#1. Occupy invented #normcore

In the keynote, Kate Crawford suggested that K-Hole's #normcore trend report, as well as the Snowden-leaked GCHQ Powerpoint, could be read as manifestations of the anxieties of an age of mass surveillance, those of the surveillers and those of the surveilled.


Shana Moulton and Nick Hallett's 'Whispering Pines 10' on Art21


Wake up, sleepyhead. Art21 just posted their profile of Shana Moulton and Nick Hallett's opera, Whispering Pines 10, presented by Rhizome at the New Museum in 2011. Not only do Moulton and Hallett come off as the sweetest performance artist/composer collaborative duo ever, but the documentation of the projection-oriented opera isn't bad either.


DNS Politics: Citizen journalism after the Twitter ban


Photograph posted to Twitter by Engin Onder on March 20, 2014, with the caption: "‪#twitter‬ blocked in ‪#turkey‬ tonight. folks are painting ‪#google‬ dns numbers onto the posters of the governing party." The poster shows the AKP candidate for Eskişehir.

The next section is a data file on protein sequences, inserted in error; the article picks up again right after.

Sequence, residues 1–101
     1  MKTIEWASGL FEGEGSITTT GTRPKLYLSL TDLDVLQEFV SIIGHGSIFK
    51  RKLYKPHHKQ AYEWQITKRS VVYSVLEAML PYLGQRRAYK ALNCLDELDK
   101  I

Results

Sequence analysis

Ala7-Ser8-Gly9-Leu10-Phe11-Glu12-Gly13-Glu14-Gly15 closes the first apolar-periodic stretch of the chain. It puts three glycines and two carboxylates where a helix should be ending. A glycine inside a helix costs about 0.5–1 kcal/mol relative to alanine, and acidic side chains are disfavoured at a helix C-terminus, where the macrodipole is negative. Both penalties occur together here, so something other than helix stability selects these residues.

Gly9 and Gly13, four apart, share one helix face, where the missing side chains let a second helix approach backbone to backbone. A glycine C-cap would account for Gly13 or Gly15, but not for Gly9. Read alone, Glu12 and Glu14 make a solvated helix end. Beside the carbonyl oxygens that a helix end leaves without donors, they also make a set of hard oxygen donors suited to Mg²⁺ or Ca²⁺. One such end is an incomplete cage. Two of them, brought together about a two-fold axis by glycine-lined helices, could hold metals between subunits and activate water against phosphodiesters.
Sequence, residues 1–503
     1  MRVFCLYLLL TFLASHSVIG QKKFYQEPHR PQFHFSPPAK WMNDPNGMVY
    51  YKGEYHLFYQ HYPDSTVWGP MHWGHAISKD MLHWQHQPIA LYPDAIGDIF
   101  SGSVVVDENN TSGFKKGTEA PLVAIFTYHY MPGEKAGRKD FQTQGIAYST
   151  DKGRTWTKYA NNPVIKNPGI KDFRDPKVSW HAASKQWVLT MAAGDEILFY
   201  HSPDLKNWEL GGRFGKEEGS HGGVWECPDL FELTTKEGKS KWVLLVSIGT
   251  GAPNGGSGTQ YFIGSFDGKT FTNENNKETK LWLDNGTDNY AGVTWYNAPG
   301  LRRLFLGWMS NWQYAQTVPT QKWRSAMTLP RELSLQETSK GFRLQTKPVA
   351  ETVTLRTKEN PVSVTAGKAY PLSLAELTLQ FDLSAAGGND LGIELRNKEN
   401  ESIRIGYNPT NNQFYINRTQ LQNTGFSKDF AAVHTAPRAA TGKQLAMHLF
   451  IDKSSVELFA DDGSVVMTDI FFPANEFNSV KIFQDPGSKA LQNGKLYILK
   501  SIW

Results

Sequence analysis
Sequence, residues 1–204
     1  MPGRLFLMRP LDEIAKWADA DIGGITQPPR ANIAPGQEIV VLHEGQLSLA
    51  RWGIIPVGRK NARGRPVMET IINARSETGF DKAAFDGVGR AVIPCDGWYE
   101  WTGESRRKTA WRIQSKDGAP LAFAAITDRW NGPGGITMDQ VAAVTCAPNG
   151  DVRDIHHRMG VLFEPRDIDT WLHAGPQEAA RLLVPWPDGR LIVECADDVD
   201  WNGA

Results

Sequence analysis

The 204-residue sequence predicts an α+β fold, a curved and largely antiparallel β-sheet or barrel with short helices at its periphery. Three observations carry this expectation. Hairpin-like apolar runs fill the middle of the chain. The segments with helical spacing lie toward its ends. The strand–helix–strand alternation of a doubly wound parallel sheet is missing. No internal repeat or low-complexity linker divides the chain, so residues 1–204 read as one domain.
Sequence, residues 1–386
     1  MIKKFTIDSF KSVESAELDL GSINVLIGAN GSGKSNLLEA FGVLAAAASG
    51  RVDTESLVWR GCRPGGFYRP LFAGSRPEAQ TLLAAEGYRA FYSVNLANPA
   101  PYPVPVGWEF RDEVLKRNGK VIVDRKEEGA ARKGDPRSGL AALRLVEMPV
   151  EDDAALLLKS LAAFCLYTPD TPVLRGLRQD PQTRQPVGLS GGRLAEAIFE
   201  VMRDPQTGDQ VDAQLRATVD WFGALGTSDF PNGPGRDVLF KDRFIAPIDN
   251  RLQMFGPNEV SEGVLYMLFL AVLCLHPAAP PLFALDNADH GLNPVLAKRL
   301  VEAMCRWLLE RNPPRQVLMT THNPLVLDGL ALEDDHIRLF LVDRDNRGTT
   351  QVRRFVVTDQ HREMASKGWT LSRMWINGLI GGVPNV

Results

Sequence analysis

Last Friday, DNS-themed graffiti and memes began to appear in Turkish streets and on the web, bringing the normally unnoticed architecture of the internet into public discourse.

The sudden focus on DNS, the system that translates a URL into its corresponding numerical IP address, was prompted by Prime Minister Recep Tayyip Erdogan's decision on March 20 to ban Twitter. Court orders were issued to Turkish internet service providers, who apparently implemented DNS redirects, meaning that requests for "twitter.com" would be routed to a different IP address and shown a warning page.

This kind of block is not particularly effective; users can easily circumvent it by using a public DNS server. Instead of sending the request for twitter.com to a Turkish ISP, users could simply change their computer's network settings and send the request to Google or OpenDNS, or any number of international, publicly available DNS servers. While this is easy to do, it's perhaps not widely understood, and so fans of internet freedom took to the web and the streets to spread the word about the DNS workaround.